The Many Types of Nests

…and the eggs that love them!​​​​​​​
© Can Stock Photo / donyanedomam

If you think about it, a bird egg is a beautiful thing. Within this fragile, round container is the promise of new, feathered life. And bird eggs come in a surprising variety of shapes, sizes, and colours. But no matter what they look like, one obvious but indisputable fact deserves mention: eggs roll. And a rolling egg is not a safe egg. Keeping their eggs both warm and safe is the challenge every mother bird faces. That is why she makes a nest. Sometimes a bird nest is an elaborate affair like the woven, hanging nest of a Northern oriole, or sometimes it is as simple as a hollow scrape in the ground like that of a killdeer.

Fun fact: Birds don’t have hands

At first blush, making a bird’s nest doesn’t seem that remarkable. But if you think about it, birds do have a handicap when it comes to building something. They don’t have hands! So they need to use their beaks and feet. Imagine making a nest using only your mouth and toes. And yet the nests that birds – such as warblers, orioles and finches create from a few bits of grass, bark, twigs, and mud are truly wondrous examples of natural hands-free architecture. It is worthwhile to remind ourselves that humans aren’t the only builders on this planet—look at all the different types of nests there are!

Type   Of Nest  

Description Who makes this?
Mound A small mound with a hollow in the centre made out of mud and plant materials Loon, flamingo
Burrow An excavated hole in the ground or side of a hill Kingfisher, puffin, burrowing owl
Cavity Hollow cavity in a tree, often made by woodpeckers Woodpeckers, flickers, chickadees, bluebirds
Platform Large nests that are often constructed on the tops of trees, telephone poles and man-made platforms. New material is often added each year Ospreys, eagles, great blue herons
Pensile A woven nest supported from the sides, often located at the tips of trees so that predators have difficulty reaching them Northern orioles, Bullock orioles, vireos, kinglets
Cup Located on top of a branch or in the crook of a tree, a cup nest is woven together out of materials such as mud, plant material, spider’s silk and moss. They are self-supporting and are shaped like a bowl Robins, hummingbirds, barn swallows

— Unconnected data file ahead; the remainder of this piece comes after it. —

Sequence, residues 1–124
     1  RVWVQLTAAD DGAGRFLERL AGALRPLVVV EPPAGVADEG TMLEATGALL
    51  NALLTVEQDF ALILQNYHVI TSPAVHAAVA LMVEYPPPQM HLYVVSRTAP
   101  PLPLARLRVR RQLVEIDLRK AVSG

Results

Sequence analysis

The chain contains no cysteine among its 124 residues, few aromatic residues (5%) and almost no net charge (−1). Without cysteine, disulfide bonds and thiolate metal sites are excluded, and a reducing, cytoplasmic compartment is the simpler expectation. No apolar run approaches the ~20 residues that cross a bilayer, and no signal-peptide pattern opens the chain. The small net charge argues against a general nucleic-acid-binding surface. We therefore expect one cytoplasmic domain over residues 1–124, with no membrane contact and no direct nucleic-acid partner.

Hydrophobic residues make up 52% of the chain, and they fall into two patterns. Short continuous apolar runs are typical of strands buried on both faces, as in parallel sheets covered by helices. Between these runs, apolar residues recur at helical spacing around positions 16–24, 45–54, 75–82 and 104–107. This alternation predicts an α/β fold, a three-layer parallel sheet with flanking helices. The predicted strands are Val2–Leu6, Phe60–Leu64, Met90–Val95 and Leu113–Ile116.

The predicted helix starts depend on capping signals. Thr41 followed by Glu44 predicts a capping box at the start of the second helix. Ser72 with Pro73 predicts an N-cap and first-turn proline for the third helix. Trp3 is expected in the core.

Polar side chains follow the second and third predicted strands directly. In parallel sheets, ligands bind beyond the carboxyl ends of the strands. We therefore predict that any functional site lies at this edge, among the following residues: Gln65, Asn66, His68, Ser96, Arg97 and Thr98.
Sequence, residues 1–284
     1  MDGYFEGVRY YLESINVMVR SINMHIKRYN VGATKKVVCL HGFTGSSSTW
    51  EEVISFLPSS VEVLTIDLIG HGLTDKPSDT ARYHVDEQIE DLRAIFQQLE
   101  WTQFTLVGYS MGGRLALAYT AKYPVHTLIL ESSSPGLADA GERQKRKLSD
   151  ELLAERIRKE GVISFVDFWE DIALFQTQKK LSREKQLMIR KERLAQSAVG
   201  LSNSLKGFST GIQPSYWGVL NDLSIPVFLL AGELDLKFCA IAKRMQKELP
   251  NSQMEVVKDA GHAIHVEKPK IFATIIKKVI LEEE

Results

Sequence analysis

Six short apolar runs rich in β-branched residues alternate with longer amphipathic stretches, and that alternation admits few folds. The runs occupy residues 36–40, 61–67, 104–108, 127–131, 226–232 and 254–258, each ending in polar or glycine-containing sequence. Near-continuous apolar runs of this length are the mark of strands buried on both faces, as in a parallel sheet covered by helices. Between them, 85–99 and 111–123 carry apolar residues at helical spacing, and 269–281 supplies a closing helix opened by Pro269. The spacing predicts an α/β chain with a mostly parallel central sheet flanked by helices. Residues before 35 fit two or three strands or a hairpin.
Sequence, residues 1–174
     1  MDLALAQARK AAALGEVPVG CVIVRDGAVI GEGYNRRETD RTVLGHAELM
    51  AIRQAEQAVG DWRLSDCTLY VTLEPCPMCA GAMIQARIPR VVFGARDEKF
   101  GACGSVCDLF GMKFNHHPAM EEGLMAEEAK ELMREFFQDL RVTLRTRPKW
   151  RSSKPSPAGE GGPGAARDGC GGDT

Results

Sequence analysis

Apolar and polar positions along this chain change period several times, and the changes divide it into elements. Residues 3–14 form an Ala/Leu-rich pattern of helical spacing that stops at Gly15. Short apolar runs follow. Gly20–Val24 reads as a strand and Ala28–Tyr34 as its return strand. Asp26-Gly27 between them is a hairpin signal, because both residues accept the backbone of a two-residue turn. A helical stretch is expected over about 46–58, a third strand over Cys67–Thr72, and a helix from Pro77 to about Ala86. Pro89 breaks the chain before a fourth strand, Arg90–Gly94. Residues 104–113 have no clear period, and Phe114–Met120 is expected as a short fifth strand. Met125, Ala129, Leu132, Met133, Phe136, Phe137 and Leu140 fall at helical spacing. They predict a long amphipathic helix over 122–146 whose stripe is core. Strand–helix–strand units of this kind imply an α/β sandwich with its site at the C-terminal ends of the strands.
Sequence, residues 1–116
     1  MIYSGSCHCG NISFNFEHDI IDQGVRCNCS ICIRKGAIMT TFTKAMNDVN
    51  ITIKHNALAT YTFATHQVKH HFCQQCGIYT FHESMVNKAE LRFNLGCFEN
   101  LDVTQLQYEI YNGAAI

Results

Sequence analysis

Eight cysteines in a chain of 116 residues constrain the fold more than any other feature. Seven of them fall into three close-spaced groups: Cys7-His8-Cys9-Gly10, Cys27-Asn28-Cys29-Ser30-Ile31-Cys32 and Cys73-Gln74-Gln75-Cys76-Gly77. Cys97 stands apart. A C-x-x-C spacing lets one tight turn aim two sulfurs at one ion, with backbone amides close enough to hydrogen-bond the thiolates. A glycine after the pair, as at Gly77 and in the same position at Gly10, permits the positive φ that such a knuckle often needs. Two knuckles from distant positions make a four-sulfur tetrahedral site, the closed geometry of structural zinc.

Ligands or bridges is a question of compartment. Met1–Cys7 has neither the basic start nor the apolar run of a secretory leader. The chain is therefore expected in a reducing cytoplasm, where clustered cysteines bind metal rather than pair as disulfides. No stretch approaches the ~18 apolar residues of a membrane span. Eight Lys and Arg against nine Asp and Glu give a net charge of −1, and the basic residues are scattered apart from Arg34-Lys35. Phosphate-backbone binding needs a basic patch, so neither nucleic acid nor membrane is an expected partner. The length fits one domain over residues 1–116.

How the robins do it

One of the most common nests you'll find in urban and rural settings are those made by the American robin. This is a perfect example of a cup nest. A male and female robin will work together. They’ll try to find a site shielded from sun, wind, and rain, and hidden from predators. Robins always begin building their nest on something solid—a ledge, a window sill, or a forked tree branch. Each pair of robins will collect over 350 individual fibres of grass, twigs, and wildflowers. At times they’ll even weave in bits of paper and plastic bags, whatever is close at hand (or beak!). Robins will wait until after a soaking of rain to scoop up beakfuls of mud. A pair of robins will make several hundred trips back and forth to collect enough quantities of mud to act like a binding agent to hold all the plant fibres together.

Next, they’ll use their feet and beak to weave the fibres and mud together. They’ll make sure the nest is securely anchored to whatever is underneath, and they’ll use their tummy to shape and sculpt the sides. Lastly, they’ll line the inside of the nest with soft grass, even their own feathers, and bits of fur. The nest will have to be small enough to keep the heat in and the eggs warm but big enough to accommodate growing chicks and mom. A clutch of baby robins can weigh up to 300 grams when they are ready to leave the nest!

Be a bird’s apprentice

You can also try to find out what human-made materials birds like for their nests. In early spring, cut 6” and 9” pieces of four different colours of yarn, string, and cloth (narrow strips). Put some on the ground close to a window and stick the rest between the scales of pine cones – just loose enough so birds can easily pull the pieces out. Add some hair from a hairbrush. Using string, suspend the cones outside the window. Keep track of what materials and colours the birds prefer.

Keeping up with the robins!

If you’re really ambitious, you can be a nest “contractor” and rent your nest out like a bird landlord!

What you’ll need

A bucket of warm soapy water, nice gooey mud (you can mix soil and water), lots of dried plant fibres (soft dried grass, wildflowers), and, of course, patience!

  • Begin by making a mud and plant fiber pancake – or a round, flat disk of mud and plants. Scrunch the fibers together with globs of mud. Mix, knead, and mix again. You should have a pancake about 6 inches (18 cm) in diameter and about ½ inch (1 cm) thick.

  • Make 4 long fiber and mud cylinders, about 4 inches long and ¾ inch thick. Roll, mix, and roll again.

  • Using mud, stick these mud cigars to the perimeter of the pancake. Knead them all together using plenty of mud. Knead and knead some more until everything binds together.

  • Sculpt the sides by squeezing, pressing, and adding more mud as required.

  • Line with soft grasses, tufts of downy seeds. Let dry.

  • Place your nest on something sturdy and watch what happens. You never know – a robin may adopt this nest as their very own!

Consider participating in NestWatch, a nationwide monitoring program designed to track the reproductive biology of birds, including when nesting occurs, number of eggs laid, how many eggs hatch, and how many hatchlings survive. This data is used to study the current condition of breeding bird populations and how they may be changing over time. The NestWatch website also has a great deal of information on bird boxes. Happy birding!